For more information, contact Lynn Gosnell at 210-458-2978.
The annual Center for Innovation, Technology and Entrepreneurship (CITE) 100K Venture Competition and Exposition will be held on the Main Campus on Dec. 1. Twenty-eight teams from across the university will exhibit their project; six teams will compete for a prize pool of more than $100,000 in funding to launch their new venture / company. More than 650 students have participated in launching new technology ventures.
Biotechnology, Sciences and Engineering (BSE 2.102), Main Campus
This concert features 50 community children performing music in the UTSA Downtown String Project Winter Concert. The children, led by UTSA music students studying to be music teachers, will join together in playing the Theme from Batman at their concert. The Batman of San Antonio, a local celebrity figure, will make an appearance at the concert. This event is free.
Buena Vista Theatre, Downtown Campus
Graduate student uses storytelling to highlight important issues facing children
As touch screens and e-books demand more and more attention from both casual readers and scholars, many people say the handwriting is on the wall for the printed page.
At UTSA, the handwriting is on the wall for a library that doesn't have any printed books.
Since March 2010, the bookless library in the Applied Engineering and Technology Building has given UTSA students an innovative way to read, research and work with each other to solve problems.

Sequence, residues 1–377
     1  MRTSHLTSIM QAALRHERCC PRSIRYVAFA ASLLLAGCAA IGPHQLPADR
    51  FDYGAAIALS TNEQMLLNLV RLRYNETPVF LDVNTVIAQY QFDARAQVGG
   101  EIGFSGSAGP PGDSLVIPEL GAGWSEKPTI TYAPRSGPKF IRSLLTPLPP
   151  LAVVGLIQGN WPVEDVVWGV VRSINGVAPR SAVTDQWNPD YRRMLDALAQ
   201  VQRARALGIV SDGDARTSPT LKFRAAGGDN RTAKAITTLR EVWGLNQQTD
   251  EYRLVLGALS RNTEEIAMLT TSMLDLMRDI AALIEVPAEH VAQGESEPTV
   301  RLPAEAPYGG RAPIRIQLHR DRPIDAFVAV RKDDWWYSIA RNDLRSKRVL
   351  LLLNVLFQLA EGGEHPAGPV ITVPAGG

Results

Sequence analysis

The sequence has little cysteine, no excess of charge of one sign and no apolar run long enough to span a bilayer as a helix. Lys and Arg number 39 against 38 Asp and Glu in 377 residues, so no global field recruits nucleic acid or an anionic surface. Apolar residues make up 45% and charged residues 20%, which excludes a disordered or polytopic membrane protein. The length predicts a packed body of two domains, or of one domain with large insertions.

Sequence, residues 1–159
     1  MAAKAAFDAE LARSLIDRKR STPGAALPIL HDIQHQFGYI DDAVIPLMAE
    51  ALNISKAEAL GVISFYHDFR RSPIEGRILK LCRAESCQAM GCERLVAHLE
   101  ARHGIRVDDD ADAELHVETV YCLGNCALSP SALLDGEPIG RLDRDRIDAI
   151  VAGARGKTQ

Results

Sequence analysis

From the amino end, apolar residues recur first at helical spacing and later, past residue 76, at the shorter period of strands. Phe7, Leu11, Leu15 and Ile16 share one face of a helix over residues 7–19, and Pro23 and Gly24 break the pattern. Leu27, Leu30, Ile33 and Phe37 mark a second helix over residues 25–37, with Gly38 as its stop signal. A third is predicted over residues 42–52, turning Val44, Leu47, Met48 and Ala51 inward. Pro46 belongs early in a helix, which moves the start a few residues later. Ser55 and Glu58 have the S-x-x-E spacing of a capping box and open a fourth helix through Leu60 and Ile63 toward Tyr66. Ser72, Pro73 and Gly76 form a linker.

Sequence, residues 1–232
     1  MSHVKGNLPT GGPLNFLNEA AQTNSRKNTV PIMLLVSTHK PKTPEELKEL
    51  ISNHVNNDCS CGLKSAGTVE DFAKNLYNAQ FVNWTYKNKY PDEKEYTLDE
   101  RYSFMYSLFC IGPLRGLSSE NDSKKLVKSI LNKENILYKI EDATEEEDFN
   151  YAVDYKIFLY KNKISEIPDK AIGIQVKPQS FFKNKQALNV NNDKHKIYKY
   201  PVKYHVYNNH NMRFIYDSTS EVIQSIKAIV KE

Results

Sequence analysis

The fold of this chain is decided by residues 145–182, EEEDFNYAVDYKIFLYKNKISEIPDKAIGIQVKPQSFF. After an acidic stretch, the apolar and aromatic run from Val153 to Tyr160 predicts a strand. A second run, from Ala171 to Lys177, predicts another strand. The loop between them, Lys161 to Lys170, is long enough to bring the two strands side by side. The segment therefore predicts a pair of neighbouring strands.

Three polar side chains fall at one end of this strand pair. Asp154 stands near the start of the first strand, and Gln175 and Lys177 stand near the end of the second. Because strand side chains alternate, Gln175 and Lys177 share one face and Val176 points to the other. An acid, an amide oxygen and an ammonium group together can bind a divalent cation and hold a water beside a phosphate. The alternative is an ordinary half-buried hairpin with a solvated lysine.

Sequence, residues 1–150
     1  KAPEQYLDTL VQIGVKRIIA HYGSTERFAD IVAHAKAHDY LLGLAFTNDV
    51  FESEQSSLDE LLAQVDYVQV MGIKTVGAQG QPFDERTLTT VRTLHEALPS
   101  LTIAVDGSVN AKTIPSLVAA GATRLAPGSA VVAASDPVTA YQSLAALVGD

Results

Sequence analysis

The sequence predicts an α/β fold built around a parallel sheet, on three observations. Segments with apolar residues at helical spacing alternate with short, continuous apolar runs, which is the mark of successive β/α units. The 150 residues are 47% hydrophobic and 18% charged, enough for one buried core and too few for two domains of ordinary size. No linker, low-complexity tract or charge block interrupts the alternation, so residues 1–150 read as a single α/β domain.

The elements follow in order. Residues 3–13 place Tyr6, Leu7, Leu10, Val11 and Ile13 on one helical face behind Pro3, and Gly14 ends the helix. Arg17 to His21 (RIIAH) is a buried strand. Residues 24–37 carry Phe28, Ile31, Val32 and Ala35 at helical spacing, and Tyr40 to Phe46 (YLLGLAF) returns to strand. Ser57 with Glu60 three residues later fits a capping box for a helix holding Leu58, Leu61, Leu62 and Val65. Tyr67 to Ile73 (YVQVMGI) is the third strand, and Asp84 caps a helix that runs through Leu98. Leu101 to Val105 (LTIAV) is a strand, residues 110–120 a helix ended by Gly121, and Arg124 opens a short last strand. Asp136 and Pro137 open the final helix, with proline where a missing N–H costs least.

With ultra-modern furniture and a décor featuring desktop computers, scanners and LCD screens, the AET Library is designed to engage students in an online format. But it also offers group study niches and study rooms with whiteboards and glass walls on which students can write. The space encourages teamwork, communications and problem solving for the next generation of scientists and professional engineers.
Did you know? The UTSA AET Library is the nation's first completely bookless library on a college or university campus. It served as a model for Bexar County's first-in-the-nation public bookless library system and one of its branches, the Dr. Ricardo Romo BiblioTech.
The University of Texas at San Antonio is dedicated to the advancement of knowledge through research and discovery, teaching and learning, community engagement and public service. As an institution of access and excellence, UTSA embraces multicultural traditions and serves as a center for intellectual and creative resources as well as a catalyst for socioeconomic development and the commercialization of intellectual property - for Texas, the nation and the world.
To be a premier public research university, providing access to educational excellence and preparing citizen leaders for the global environment.
We encourage an environment of dialogue and discovery, where integrity, excellence, inclusiveness, respect, collaboration and innovation are fostered.